3 Life Lessons from Good Will Hunting

This weekend I decided to sit down and watch Good Will Hunting for the first time. Yes, it was my first time seeing the film. Before I came to school in Boston, a family friend recommended I watch the movie, as it is set in this beautiful city.

Despite the fact that the movie came out 18 years ago (I was 2 at the time), so many life lessons can be learned from Good Will Hunting. Here are a few that especially hit me.


Education Does Not Equal Intelligence  



In the beginning of the movie, Will and his buddies go to a bar near Harvard University. Will’s best friend, Chuckie, gets into an argument with a Harvard student as he tries to pick up a girl at the bar. The student intentionally tries to embarrass Chuckie knowing that he is an uneducated, blue collar citizen. Will, a self-taught genius, steps in and simply schools the kid. He calls him out for pawning off other intellectuals’ ideas as his own to look smart. Will tells the Harvard student that “in about 50 years” he will realize that he “dropped a hundred and fifty grand” on an education he could have got for “a dollar fifty in late charges at the Public Library”. Will is a naturally gifted individual that never had the formal schooling as do other characters in the film. Will is able to solve complex math problems that are impossible for even MIT students. He is able to read books at rapid speed and memorize important details. Although Will never went to college, he is incredibly smart. His talents that are not visible on a resume. Today, we live in a world where your education carries a lot of value – not only where you went to school, but if you simply have one. Good Will Hunting shoots a hole in the common notion that you need an education to achieve intelligence.


Life is About Experiences, Not Knowledge

In the iconic scene featuring Robin Williams and Matt Damon in the Boston Public Garden, Robin’s character, Sean, tells Will Hunting, “So if I asked you about art, you’d probably give me the skinny on every art book ever written. Michelangelo, you know a lot about him…But I’ll bet you can’t tell me what it smells like in the Sistine Chapel. You’ve never actually stood there and looked up at that beautiful ceiling”. An important emphasis is put on knowledge being inferior to life experiences. Will might know everything there is to know academically, but he is not an expert on life. I feel like this concept often gets overlooked as college students. We seem to focus our self-worth and accomplishments on successes in the classroom. Our value is derived from GPA’s and SAT scores. Despite the many examples of successful folks who were not college geniuses, we still place a high price on knowledge. There is a lot to be said about the the implicit value of life experiences. Whether it be work experience, time spent in foreign countries, or simply just age/seniority, no amount of knowledge or book smarts can beat genuine life experiences.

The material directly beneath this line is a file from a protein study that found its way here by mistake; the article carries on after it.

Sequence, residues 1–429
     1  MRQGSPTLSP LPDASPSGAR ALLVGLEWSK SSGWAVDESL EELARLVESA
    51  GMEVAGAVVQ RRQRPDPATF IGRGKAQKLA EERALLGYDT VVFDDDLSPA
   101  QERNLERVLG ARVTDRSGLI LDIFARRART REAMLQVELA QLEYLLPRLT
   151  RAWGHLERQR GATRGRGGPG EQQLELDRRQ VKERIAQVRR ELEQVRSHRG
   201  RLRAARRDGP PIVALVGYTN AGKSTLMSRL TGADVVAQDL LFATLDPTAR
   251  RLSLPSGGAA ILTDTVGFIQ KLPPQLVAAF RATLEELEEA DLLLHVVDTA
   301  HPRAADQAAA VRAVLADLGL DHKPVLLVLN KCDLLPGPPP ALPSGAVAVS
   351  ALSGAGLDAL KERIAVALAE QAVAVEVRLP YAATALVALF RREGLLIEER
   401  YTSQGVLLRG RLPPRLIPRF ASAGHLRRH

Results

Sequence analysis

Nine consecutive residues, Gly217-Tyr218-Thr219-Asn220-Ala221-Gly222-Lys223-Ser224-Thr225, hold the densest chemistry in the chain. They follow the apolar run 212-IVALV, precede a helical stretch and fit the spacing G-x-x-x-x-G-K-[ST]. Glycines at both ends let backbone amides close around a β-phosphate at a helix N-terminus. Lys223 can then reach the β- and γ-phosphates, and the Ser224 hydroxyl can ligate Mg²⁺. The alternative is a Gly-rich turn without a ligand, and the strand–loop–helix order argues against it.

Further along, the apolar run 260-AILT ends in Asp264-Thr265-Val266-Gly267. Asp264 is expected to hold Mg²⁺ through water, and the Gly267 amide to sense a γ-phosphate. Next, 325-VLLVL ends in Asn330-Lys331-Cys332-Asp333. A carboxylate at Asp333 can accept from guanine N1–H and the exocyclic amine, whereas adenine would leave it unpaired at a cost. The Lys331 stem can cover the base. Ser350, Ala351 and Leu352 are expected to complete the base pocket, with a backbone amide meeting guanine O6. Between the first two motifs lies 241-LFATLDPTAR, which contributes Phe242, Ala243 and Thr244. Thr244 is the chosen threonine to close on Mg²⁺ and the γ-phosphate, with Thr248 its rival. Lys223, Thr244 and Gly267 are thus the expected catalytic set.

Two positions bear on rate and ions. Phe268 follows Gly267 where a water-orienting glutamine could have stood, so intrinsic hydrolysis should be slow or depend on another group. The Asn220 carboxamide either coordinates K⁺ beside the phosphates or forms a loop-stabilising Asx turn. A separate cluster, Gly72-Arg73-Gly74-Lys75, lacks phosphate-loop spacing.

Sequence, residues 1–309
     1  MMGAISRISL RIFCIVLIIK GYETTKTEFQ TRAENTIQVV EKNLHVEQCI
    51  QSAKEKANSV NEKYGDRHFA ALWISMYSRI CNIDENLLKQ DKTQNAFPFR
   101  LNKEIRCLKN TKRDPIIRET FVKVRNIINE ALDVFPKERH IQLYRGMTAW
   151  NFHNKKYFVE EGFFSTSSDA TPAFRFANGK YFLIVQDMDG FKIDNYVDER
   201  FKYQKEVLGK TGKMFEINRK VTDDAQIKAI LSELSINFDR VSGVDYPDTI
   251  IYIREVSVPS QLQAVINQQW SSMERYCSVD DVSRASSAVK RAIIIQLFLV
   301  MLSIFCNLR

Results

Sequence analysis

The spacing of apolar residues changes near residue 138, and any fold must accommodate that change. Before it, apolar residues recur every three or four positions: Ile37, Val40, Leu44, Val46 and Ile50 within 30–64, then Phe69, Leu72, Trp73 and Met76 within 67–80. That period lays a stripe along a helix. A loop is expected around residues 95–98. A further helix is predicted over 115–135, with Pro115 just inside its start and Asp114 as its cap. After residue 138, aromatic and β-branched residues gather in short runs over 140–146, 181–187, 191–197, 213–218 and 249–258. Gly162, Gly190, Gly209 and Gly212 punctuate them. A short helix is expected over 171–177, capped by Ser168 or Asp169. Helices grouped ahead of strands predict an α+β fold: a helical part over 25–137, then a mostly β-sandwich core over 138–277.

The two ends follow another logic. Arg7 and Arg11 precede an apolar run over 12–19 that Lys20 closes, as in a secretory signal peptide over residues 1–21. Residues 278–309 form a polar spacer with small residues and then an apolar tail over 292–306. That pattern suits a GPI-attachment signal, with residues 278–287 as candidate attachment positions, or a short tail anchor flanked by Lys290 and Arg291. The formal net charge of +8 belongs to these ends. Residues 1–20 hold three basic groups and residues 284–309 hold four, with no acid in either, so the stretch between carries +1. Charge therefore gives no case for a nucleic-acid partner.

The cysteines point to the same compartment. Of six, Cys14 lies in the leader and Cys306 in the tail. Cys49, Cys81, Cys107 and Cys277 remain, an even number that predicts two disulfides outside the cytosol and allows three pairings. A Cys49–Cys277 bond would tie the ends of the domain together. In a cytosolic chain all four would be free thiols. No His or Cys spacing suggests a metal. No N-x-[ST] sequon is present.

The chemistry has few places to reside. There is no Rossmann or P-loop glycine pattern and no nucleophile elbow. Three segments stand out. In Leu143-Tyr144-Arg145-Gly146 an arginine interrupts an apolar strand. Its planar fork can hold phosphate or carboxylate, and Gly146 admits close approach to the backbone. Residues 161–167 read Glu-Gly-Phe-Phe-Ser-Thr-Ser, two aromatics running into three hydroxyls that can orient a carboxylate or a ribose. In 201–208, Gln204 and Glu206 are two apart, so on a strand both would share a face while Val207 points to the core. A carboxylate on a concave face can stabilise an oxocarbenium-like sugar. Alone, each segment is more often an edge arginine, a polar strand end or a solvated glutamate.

Take Risks & Step Outside Your Comfort Zone

Skyler, Will’s lover, criticizes him for living life in a “safe little world where no one challenges” him. She says that he is too scared to do anything because he would “have to change”. This lesson definitely seems cliche, but when you think about life as a college student, it is undervalued. The fact of the matter is, as a whole, young students do not take risks. There are a myriad of societal pressures that make this increasingly difficult – college debt, grades, career aspirations, family opinions, etc. Students avoid classes that are difficult because they do not want to hurt their GPA instead of intellectually challenging themselves. They do not take classes that do not count towards some minor or concentration because they see no value in simply taking a class for fun, or to learn something new. Everything has to count for something. Everything has to translate into some positive outcome in our future. Though this seems like a sweeping generalization of all college students, this is what I have observed in the last year. In Good Will Hunting, Will is afraid to take a high paying job or love his girlfriend because it is not how he has lived his life. I believe that as students we are all afraid to change, to step outside our comfort zones. Phil Schiller, SVP of Worldwide Marketing at Apple, Inc. recently said that “fear is a great motivator”, and I agree with him. I really believe fear is an undervalued motivator. It does not matter whether we fail, or do not see the immediate results of our actions, by taking risks and being different, we learn numerous life lessons that have invaluable benefits in our future.

There are many themes in the film, yet these are simply ones that stuck out to me. Glad I finally took the time to check out the film as once again, Robin Williams was fantastic. If you have not seen it, definitely check it out on Netflix!


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